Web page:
Preliminary Review of Petition for Federal Recognition
The BIA's Office of Federal Acknowledgement (OFA) is responsible for reviewing, verifying, and evaluating documented petitions and making recommendations to the BIA assistant secretary. Before actively considering a petition, OFA must conduct a preliminary review (also referred to as technical assistance review) to give the tribe an opportunity to supplement or revise it. After this review, OFA must notify the tribe of any obvious deficiencies or significant omissions apparent in the petition and give the tribe an opportunity to withdraw it for further work or submit additional information or clarification. The tribe may choose to revise or supplement the petition or ask OFA to proceed with actively considering it using the material already submitted (25 CFR § 83.10).
OFA must investigate any tribe whose documented petition and response to the technical assistance review show little or no evidence that it will meet criteria 5 through 7 above. If the review cannot clearly show that the tribe does not meet the three criteria, OFA must list the petition for active consideration of all seven criteria. If the review clearly shows that the group does not meet these criteria, OFA must issue a proposed finding (preliminary determination) declining to recognize the tribe or group and publish the finding in the Federal Register (25 CFR § 83.10(e)).
Active Consideration of Federal Recognition Petition
When OFA is ready to actively consider a documented petition, it must notify the tribe and interested parties (25 CFR 83.10(f)). Within one year (with a possible 180-day extension) after notifying the tribe, it must publish its proposed findings in the Federal Register. OFA must summarize the evidence, reasoning, and analysis on which the decision is based and provide copies to the tribe and third parties (25 CFR 83.10(h)).
Public Comment, Response, and Consultation Period
Once the proposed findings are published, the tribe and any interested party have 180 days to submit comments and evidence. The comment period may be extended for up to 180 days for cause (25 CFR § 83.10(i)).
The tribe has at least 60 days from the close of the comment period to respond to any comments received. At the end of the response period, OFA consults with the tribe and interested parties to determine an equitable time for considering arguments and evidence submitted during the response period (25 CFR § 83.10(k), (l)).
Final Determination and Reconsideration
After considering the comments and tribe's response, OFA makes a final determination on the tribe's status. It must publish a summary of the final determination in the Federal Register within 60 days of the date when it began considering written arguments and evidence rebutting or supporting the proposed finding (unless it extends the date because of the extent and nature of the arguments and evidence).
The determination takes effect 90 days after publication, unless the tribe or a third party asks the IBIA to reconsider it (25 CFR § 83.10(l)).
Requests for reconsideration must include a detailed statement of the grounds for reconsideration. The IBIA will consider requests alleging that:
1. new evidence could affect the determination,
2. much of the evidence relied on in making the determination was unreliable or of little probative value,
3. the research forming the basis of the determination appears inadequate or incomplete in a material respect, or
4. there are reasonable alternative interpretations of the evidence not previously considered that would substantially affect the determination (25 CFR § 83.11(d)).
The IBIA may affirm the decision or remand it to the BIA assistant secretary for reconsideration (25 CFR § 83.11(e)). If it affirms the decision but finds grounds for reconsideration other than the four listed above, it must send the decision to the interior secretary, who may ask the BIA assistant secretary to reconsider the petition after receiving additional comments from the tribe and interested parties (25 CFR 83.11(f)).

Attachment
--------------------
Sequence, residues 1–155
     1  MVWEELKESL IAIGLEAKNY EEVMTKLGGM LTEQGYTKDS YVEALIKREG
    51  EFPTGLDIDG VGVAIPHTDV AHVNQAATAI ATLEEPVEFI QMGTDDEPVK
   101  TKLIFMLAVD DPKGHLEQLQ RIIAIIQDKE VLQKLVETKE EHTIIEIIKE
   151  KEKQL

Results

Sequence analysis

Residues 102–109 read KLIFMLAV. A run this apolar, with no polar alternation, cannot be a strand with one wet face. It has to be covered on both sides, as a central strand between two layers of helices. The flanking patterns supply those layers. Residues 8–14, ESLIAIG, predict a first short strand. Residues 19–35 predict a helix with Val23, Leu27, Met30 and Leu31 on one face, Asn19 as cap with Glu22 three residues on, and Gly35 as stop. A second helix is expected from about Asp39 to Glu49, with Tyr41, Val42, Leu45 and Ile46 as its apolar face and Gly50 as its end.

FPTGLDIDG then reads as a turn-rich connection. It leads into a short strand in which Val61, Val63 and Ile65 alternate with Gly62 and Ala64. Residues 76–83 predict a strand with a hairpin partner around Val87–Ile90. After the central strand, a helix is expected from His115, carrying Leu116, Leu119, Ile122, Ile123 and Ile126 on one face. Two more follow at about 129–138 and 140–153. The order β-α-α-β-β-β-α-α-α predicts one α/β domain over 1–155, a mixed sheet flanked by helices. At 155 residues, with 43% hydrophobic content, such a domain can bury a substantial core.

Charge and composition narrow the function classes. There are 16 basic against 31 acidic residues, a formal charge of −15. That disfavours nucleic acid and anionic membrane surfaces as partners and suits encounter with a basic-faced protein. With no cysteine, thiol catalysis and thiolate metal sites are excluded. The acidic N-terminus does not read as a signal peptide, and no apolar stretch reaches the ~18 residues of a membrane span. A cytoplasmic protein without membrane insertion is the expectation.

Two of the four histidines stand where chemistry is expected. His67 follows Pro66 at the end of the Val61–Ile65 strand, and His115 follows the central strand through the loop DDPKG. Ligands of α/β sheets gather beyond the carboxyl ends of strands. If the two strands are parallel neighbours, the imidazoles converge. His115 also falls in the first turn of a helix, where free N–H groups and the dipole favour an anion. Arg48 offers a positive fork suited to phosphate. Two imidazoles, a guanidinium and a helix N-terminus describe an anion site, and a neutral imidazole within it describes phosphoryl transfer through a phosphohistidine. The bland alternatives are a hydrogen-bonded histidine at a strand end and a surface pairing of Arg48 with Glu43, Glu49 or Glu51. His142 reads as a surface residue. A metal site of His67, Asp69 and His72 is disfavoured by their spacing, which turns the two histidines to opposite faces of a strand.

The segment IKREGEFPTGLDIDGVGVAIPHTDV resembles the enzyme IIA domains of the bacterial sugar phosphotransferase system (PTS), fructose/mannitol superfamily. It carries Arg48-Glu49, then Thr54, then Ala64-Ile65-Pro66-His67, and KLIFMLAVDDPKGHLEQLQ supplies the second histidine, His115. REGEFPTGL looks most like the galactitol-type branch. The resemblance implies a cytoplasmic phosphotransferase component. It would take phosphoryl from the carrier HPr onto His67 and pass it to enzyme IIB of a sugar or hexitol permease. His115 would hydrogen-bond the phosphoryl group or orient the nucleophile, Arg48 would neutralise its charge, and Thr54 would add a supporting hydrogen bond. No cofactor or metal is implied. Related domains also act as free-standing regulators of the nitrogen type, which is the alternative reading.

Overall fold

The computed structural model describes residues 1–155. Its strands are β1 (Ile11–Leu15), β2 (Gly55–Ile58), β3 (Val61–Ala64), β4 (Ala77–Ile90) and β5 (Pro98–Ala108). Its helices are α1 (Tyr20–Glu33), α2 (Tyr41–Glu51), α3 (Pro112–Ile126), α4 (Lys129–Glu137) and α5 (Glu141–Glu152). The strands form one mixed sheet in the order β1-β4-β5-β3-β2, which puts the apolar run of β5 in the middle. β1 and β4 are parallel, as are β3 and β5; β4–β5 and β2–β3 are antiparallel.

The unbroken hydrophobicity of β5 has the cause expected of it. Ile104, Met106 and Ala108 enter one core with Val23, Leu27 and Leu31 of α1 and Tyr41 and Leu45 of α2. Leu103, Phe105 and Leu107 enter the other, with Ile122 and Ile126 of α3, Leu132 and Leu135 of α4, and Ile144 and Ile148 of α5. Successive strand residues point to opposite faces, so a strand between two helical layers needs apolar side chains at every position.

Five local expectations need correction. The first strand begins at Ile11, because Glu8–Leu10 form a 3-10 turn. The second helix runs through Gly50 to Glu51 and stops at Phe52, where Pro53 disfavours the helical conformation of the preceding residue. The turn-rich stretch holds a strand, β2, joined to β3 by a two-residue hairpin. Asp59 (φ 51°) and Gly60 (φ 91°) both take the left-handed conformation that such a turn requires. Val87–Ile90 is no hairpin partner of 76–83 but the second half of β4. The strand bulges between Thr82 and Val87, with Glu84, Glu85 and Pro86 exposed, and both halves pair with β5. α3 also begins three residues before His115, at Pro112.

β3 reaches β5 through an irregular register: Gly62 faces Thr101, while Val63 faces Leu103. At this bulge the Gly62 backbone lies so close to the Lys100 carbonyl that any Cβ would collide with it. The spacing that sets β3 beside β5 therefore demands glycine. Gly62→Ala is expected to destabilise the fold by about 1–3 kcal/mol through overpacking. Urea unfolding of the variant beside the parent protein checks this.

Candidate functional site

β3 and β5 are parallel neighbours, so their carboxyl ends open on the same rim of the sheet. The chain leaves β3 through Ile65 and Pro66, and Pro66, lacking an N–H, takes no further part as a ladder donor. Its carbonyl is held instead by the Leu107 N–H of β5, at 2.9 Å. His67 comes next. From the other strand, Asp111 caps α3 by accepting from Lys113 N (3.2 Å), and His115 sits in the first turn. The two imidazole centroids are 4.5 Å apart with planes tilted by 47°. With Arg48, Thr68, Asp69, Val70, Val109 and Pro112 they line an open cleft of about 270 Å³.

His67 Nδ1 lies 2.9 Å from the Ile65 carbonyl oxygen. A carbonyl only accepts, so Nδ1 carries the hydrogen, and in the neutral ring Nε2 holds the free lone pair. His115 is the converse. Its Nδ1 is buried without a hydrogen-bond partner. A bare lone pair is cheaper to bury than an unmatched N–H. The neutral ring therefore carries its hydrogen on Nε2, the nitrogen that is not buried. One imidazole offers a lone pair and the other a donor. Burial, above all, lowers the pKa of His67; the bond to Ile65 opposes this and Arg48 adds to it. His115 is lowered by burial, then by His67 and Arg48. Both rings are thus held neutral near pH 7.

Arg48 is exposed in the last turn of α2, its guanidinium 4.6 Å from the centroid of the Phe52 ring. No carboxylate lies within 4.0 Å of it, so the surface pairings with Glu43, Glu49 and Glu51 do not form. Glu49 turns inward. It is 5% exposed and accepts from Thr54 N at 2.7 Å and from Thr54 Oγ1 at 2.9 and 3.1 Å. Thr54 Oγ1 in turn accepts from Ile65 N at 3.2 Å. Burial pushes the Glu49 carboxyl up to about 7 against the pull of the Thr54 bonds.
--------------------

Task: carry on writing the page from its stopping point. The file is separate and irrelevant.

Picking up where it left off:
The assistant secretary must issue a reconsidered determination within 120 days of IBIA's remand or the secretary's request for reconsideration (25 CFR § 83.11(g)). A reconsidered final determination becomes final and effective upon publication of the notice in the Federal Register (25 CFR § 83.11(h)).
Appeal to Federal Court
Under the federal Administrative Procedures Act (UAPA) tribes may appeal administrative decisions to federal court (5 USC § 500 et seq.). Generally, the courts look only to see if the decision was arbitrary and capricious or if the agency abused its discretion, or the decision was not made in accordance with the law (5 USC § 706).
In June 2013, the BIA assistant secretary proposed several changes to the federal tribal recognition process. He characterized the changes as an attempt to streamline the process and make it more efficient, transparent, and fair. This report highlights the major changes, particularly those that may affect Connecticut's state-recognized tribes. (A copy of the draft is available at: http://www.bia.gov/cs/groups/xraca/documents/text/idc1-022706.pdf.)
Determining Tribal Existence
The most significant proposed changes affect two of the seven criteria a tribe must meet to be acknowledged. Under current regulations, a tribe must prove that it has been continuously identified as a tribe since 1900, has comprised a distinct community since historic times, and maintained political influence or authority over its members as an autonomous group since historic times.
The draft proposal would require tribes only to prove continuous political authority and community since 1934, the year the Indian Reorganization Act was passed and many tribes were federally recognized and eliminate the requirement that an external entity identify the group as an Indian tribe since 1900. According to the Interior Department, this aligns the review with the federal government's repudiation of the allotment and assimilation policies of the late 1800's and early 1900's.
Expedited Favorable Finding. The draft proposes a new process and criteria for an expedited favorable finding. The two new criteria are: (1) the tribe has maintained and continues to hold a state-recognized reservation since 1934 or (2) the United States has held land in trust for the tribe at any point since 1934 (proposed 25 CFR § 83.10(g)). Under this scenario, a tribe with a state reservation since 1934 is deemed to have satisfied the recognition criteria for community and political authority.